[Marxism] The Baseness of Trump’s Base: a review-essay on Sides, Tesler

Louis Proyect lnp3 at panix.com
Mon Dec 17 07:33:07 MST 2018

Both before the 2016 election and since, there have been widespread 
claims that support for Trump was driven by “economic anxiety,” and 
accompanying claims that voters’ poor and/or worsening economic 
conditions are what underlie that “anxiety.” This has, for instance, 
been a major trope among the soft-on-Trump, anti-neoliberal “left.” But 
ST&V summarize a large and growing body of evidence which shows that 
these claims are false.

First, voter-survey data on different measures of “economic anxiety” 
show that, in the Republican primaries, voters with more economic 
anxiety were either no more likely or less likely to support Trump than 
were voters with less economic anxiety (p. 92).

Second, in the general election, there was only a weak relationship 
between a voter’s expressed economic anxiety and who he or she voted 
for, once one controls for other influences on vote choice. And some 
measures of economic anxiety were more closely related to voters’ 
choices in 2012 than they were in 2016. In fact, the more worried a 
voter was about being laid off, the more likely he or she was to vote 
for Clinton rather than Trump (pp. 172-5).

Third, “Democrats and Republicans … had starkly different views of the 
economy—but which side they were on changed rapidly after Trump was 
elected” (p. 207). Actual economic conditions hadn’t changed much but, 
suddenly, the percentage of Republican voters who said that economic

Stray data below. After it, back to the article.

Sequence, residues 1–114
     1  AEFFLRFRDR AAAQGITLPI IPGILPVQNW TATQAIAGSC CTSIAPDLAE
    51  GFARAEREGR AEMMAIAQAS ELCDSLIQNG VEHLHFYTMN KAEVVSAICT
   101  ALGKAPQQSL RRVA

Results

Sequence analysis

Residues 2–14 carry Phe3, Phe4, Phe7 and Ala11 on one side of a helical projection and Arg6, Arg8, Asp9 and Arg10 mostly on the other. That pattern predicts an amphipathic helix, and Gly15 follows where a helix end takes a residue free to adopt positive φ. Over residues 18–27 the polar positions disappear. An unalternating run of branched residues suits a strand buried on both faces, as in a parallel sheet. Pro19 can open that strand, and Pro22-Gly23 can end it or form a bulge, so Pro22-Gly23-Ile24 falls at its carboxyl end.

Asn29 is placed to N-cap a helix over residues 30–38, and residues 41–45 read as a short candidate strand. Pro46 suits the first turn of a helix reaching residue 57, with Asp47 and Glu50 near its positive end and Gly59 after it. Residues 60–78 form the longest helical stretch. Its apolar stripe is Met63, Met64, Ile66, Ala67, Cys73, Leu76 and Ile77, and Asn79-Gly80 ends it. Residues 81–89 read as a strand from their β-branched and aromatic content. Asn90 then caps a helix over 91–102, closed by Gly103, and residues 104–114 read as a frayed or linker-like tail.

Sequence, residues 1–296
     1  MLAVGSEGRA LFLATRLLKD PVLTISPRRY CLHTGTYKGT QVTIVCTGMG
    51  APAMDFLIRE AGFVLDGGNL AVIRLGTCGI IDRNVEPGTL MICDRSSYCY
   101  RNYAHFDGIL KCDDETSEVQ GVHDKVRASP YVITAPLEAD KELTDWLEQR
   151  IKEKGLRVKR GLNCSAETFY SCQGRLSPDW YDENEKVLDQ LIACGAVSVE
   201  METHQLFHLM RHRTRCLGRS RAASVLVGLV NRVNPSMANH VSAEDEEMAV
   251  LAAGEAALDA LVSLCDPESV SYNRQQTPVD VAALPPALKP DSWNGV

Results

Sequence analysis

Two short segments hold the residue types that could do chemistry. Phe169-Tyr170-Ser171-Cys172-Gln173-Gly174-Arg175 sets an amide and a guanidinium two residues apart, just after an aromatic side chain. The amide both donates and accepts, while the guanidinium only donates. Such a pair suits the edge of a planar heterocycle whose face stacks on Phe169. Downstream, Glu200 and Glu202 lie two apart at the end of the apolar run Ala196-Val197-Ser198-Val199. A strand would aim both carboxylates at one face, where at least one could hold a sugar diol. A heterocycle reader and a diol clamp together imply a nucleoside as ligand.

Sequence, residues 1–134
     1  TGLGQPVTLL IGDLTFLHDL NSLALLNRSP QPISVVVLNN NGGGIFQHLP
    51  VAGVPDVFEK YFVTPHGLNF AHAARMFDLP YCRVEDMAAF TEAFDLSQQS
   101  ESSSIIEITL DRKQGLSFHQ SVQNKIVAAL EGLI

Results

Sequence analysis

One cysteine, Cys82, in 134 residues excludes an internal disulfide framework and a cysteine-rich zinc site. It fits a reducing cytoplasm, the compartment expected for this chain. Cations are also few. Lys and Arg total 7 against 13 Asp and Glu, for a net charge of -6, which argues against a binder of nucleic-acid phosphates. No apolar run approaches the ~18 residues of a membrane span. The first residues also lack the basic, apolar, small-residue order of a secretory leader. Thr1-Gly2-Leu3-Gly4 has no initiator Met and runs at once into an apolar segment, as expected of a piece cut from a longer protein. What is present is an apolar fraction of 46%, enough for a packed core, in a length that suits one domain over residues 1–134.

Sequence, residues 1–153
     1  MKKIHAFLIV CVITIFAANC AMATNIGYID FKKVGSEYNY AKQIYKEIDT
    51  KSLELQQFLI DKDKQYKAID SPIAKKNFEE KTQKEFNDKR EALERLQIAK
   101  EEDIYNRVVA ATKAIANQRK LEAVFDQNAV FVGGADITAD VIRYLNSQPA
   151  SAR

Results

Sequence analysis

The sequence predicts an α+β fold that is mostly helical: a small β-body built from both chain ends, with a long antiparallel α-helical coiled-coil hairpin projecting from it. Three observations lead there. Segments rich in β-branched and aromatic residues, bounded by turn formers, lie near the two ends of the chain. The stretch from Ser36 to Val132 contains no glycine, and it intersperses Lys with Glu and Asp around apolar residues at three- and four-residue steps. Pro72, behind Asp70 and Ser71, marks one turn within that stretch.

conditions are getting better shot up from 15% to 80%. ST&V correctly 
stress that this is “another reason to downplay the role of subjective 
economic dissatisfaction in the election: it was largely a consequence 
of partisan politics, not a cause of partisans’ choices (p. 208, 
emphases added).

Fourth, consumer sentiment was rising in 2015 and 2016. So was 
income­­—of all quintiles of the population. (In other words, the income 
of the bottom 20%, the income of the next-lowest 20%, the income of the 
middle 20%, etc., were all rising). There was “no increase in 
dissatisfaction or anger” (p. 18). And the authors note that 
almost-equal shares of Clinton and Trump voters said that they knew 
someone who had been addicted to alcohol, to illegal drugs, and to 
painkillers. Furthermore, “[a]mong whites, it was Clinton voters, not 
Trump voters, who were more likely to report knowing people in any of 
these circumstances” (p. 175). These facts likewise indicate strongly 
that when voters expressed “economic anxiety,” what they were actually 
anxious about were frequently something else entirely.


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